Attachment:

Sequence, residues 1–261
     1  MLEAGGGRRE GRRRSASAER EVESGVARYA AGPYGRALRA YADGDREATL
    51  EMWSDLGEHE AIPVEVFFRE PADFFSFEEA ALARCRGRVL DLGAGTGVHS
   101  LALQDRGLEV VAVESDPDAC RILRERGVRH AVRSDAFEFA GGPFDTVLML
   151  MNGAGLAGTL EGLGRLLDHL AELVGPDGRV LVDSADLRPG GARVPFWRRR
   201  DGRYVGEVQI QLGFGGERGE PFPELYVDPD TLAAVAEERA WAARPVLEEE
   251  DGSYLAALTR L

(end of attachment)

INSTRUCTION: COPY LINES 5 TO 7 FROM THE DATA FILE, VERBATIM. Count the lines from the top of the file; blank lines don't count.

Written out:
   151  MNGAGLAGTL EGLGRLLDHL AELVGPDGRV LVDSADLRPG GARVPFWRRR
   201  DGRYVGEVQI QLGFGGERGE PFPELYVDPD TLAAVAEERA WAARPVLEEE
   251  DGSYLAALTR L